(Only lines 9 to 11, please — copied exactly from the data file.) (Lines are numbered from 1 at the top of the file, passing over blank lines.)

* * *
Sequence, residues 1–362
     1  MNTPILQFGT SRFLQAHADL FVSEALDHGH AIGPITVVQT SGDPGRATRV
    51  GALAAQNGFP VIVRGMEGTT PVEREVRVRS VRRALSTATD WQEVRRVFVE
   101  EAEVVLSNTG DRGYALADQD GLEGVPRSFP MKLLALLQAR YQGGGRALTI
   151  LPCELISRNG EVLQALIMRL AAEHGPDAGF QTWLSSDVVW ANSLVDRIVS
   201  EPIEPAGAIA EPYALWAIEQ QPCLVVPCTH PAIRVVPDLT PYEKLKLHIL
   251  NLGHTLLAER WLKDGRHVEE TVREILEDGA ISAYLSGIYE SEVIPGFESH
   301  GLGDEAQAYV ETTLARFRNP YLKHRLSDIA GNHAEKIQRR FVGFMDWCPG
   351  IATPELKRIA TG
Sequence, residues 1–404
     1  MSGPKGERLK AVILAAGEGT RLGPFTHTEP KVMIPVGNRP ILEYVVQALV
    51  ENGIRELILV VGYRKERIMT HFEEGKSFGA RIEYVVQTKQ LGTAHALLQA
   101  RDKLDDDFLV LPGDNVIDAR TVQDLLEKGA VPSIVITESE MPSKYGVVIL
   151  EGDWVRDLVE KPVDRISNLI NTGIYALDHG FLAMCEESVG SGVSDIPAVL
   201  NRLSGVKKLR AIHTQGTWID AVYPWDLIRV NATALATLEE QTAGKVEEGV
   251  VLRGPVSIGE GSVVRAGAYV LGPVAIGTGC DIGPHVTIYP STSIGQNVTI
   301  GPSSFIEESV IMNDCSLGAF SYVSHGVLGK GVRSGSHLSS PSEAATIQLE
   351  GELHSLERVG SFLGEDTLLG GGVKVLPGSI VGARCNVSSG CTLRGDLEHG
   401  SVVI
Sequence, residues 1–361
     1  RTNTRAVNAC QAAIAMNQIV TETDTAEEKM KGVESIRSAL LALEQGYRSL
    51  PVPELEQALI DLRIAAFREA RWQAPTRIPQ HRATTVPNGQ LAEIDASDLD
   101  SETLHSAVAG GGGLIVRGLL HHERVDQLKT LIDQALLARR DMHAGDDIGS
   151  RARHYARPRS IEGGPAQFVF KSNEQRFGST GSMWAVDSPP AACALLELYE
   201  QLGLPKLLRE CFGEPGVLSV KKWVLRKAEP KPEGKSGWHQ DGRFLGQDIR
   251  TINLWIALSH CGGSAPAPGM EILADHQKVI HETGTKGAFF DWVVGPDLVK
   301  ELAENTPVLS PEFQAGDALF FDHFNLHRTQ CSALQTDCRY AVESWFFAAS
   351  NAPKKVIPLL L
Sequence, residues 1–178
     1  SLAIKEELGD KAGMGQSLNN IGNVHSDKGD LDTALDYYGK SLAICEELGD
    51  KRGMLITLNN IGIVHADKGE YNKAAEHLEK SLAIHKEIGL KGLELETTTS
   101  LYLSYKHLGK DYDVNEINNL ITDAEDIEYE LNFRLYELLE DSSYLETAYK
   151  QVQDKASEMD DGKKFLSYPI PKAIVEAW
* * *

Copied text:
   351  IATPELKRIA TG
Sequence, residues 1–404
     1  MSGPKGERLK AVILAAGEGT RLGPFTHTEP KVMIPVGNRP ILEYVVQALV